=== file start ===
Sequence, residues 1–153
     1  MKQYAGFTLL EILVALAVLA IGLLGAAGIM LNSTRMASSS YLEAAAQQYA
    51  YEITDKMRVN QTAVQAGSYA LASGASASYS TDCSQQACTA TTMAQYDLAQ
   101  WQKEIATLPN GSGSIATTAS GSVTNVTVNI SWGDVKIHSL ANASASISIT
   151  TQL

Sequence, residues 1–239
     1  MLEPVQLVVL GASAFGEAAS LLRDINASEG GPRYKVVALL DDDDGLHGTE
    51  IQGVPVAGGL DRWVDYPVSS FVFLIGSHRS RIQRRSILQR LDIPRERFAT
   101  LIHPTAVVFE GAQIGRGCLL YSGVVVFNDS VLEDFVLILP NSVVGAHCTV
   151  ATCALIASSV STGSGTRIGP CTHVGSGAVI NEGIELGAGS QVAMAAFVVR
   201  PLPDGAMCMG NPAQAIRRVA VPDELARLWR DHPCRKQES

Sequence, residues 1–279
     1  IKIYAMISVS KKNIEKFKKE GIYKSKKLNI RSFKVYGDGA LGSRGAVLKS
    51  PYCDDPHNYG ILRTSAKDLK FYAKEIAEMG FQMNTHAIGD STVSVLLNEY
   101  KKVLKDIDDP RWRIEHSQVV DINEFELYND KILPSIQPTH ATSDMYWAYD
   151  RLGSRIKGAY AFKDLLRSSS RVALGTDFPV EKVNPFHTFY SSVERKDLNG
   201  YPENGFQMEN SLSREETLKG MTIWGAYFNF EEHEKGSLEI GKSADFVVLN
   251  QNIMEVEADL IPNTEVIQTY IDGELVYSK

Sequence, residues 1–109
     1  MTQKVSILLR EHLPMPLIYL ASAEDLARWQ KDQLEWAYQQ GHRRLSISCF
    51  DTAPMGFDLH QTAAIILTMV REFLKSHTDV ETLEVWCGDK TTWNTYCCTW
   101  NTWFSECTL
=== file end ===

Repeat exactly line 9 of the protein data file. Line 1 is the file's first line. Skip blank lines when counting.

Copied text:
   101  LIHPTAVVFE GAQIGRGCLL YSGVVVFNDS VLEDFVLILP NSVVGAHCTV